It’s incredibly hot and dry. Over 39 degrees celcius in the middle of the day and these guys just keep on working – absolutely amazing! Yours truly (Rosalba) had great difficulty keeping up with them in the middle of the day and had to sit in the shade for a bit and soak my hat in water. Even the normally delightful afternoon breeze was just hot wind. The guys had to construct a shaded area for the generator as it was overheating in the sun! Even with these super guys working for us, we won’t have a roof on before Christmas so you’ll have to wait until after New Year for the straw bale episode. Happy holidays!091209 posts3

Published November 25th, 2009

Walls not straw bale

Looking from dining to bedroom

Looking from dining to bedroom



In the wet areas and as thermal mass, it was decided to use timbercrete: waste sawdust, cement and sand which is formed into blocks/bricks and air dried. The beauty of this product is that it can be nailed into and cut  like wood, it is lighter weight than similar sized masonary. I went for the larger block as I have lived with brick feature walls in our last house for 13 years and was over it. The other option was mudbrick. I feel the benefit of mudbrick is if you make it yourself and thereby save money and fuel miles not having it delivered, but if I have to have them delivered from afar then I can’t see the point! We wanted the house finished in our lifetime so we chose the timbercrete. As you can see the hexagonal windows did prove to be a bit of a challenge to the bricklayer, Mike Pascoe but nothing he can’t handle – awesome bloke! The local carpenter, Johan, was finding the framing for the straw bales very challenging. He kept muttering the word – difficult. So as a sign of mercy and peace of mind for myself, I let him go. Instead we now have “it’s not a train crash” Nick and Roger of who specialise in straw bale building.  Nick and Roger believe that they can get the timber frame up before Christmas. We’re hoping to do a wall raising one weekend soon so stay tuned! I’ll try to remember the video camera for that one. Rosalba

media left, study right

media left, study right

Published November 5th, 2009

The only way is up!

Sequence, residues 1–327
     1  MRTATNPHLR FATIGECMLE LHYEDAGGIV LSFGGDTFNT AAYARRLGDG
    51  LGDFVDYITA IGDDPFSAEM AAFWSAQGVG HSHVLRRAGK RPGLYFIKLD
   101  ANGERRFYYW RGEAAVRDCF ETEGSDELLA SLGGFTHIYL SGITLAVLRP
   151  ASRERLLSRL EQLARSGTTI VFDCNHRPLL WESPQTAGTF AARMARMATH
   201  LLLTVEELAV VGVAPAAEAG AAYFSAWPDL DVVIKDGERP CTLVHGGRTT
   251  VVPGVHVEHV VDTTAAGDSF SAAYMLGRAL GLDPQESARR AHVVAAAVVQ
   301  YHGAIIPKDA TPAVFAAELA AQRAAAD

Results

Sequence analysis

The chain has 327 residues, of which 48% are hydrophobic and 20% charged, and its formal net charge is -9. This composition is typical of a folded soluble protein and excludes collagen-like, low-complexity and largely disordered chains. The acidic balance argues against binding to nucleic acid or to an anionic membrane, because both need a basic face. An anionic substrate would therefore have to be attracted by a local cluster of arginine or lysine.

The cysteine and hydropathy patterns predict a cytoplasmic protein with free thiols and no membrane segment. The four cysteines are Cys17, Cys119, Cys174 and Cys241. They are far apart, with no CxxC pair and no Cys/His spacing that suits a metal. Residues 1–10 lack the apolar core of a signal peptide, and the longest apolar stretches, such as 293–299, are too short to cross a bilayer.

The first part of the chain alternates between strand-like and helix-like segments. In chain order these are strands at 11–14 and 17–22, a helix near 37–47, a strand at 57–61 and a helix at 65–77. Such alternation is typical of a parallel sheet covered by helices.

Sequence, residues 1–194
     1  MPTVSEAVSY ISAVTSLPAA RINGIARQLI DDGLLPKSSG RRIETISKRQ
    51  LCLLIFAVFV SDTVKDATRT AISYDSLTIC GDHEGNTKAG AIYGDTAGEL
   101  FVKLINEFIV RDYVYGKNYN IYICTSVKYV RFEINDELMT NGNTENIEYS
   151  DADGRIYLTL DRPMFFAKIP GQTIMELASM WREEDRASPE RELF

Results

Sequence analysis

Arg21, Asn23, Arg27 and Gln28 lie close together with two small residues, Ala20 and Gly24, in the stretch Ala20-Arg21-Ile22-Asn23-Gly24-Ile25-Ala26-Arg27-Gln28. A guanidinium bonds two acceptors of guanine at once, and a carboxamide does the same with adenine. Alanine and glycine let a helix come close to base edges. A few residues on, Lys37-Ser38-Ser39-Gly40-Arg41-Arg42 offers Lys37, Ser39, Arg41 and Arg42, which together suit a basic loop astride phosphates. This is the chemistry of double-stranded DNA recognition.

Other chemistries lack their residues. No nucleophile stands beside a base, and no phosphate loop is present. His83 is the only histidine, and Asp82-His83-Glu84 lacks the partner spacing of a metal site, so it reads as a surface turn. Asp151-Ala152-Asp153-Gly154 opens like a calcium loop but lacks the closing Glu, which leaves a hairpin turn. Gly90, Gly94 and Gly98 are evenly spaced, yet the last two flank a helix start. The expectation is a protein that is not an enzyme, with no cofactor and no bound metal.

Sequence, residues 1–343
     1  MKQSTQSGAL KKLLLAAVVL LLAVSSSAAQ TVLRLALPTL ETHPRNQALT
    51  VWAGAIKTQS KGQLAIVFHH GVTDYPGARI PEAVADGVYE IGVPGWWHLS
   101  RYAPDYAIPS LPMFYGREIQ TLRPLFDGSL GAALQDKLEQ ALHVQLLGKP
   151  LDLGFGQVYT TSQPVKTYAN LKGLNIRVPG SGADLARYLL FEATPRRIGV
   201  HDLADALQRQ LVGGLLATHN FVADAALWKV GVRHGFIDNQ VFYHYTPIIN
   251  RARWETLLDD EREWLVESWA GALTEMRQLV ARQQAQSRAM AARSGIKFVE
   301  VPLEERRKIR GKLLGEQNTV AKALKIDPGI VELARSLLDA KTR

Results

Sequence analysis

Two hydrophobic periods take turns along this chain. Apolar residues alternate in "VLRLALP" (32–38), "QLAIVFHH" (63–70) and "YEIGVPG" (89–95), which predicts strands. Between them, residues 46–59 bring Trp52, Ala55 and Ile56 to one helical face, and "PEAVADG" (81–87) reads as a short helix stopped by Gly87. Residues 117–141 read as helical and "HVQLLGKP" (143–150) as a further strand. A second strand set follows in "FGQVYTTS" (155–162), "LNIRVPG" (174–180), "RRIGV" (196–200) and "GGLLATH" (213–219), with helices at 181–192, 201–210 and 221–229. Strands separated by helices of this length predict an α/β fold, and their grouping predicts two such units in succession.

guess where the bales goWe now have a slab with rods sticking our where the bales will go.  Next week (from 9/11/09) we are going to start putting the frame up with the assistance of a  local carpenter, Johan.

Timbercrete blocks (for wet areas and feature walls) have arrived and need a little longer to dry out before being laid. Timbercrete is waste timber shavings mixed with cement to create building blocks. You can saw them and you can nail into them! To get the full details of these amazing blocks check out . Why didn’t we do the whole house with them?- price!From our bedroom

Timber should arrive this week from Cypress supplies in Caboolture. It seems we were lucky to get the cypress pine that we did get second hand – it is very rare and not that much cheaper than new. This cypress is farmed sustainably and grows in Queensland. Roofing iron arrived today from North Coast Demolitions. It is new roofing iron, just left overs and job lot returns. Mark and I spent last Saturday morning sorting out which bits we wanted. Local transport guy, Rick was able to deliver it all today.

Stay tuned, it’s only getting more exciting!

Published September 30th, 2009

More bits and pieces

We are trying to keep our impact on the environment as low as possible, so we are constantly on the lookout for second hand items. Ebay has been great for the doors, windows, pavers (heaps) and some timber.

Some items I thought we were stuck with buying new i.e. the spa. Fortunately for us, one of my acupuncture clients turned out to be the owner of the Reno Barn in Tarragindi. So Mark and I, plans in hand, investigated the place one Monday afternoon.